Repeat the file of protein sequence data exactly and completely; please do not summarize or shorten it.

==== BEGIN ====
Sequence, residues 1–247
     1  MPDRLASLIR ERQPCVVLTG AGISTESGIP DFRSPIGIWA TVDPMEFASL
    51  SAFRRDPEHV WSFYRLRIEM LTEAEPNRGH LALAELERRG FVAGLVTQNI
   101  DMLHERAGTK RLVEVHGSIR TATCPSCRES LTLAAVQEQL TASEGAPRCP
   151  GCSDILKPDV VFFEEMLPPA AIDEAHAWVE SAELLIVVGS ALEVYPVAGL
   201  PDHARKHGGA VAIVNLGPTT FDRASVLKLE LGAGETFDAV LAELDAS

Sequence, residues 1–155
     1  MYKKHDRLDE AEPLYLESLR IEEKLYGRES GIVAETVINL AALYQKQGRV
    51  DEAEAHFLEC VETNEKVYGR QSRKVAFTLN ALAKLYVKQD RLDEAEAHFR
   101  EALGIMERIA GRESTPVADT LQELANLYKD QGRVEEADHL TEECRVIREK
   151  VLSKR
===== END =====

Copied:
Sequence, residues 1–247
     1  MPDRLASLIR ERQPCVVLTG AGISTESGIP DFRSPIGIWA TVDPMEFASL
    51  SAFRRDPEHV WSFYRLRIEM LTEAEPNRGH LALAELERRG FVAGLVTQNI
   101  DMLHERAGTK RLVEVHGSIR TATCPSCRES LTLAAVQEQL TASEGAPRCP
   151  GCSDILKPDV VFFEEMLPPA AIDEAHAWVE SAELLIVVGS ALEVYPVAGL
   201  PDHARKHGGA VAIVNLGPTT FDRASVLKLE LGAGETFDAV LAELDAS

Sequence, residues 1–155
     1  MYKKHDRLDE AEPLYLESLR IEEKLYGRES GIVAETVINL AALYQKQGRV
    51  DEAEAHFLEC VETNEKVYGR QSRKVAFTLN ALAKLYVKQD RLDEAEAHFR
   101  EALGIMERIA GRESTPVADT LQELANLYKD QGRVEEADHL TEECRVIREK
   151  VLSKR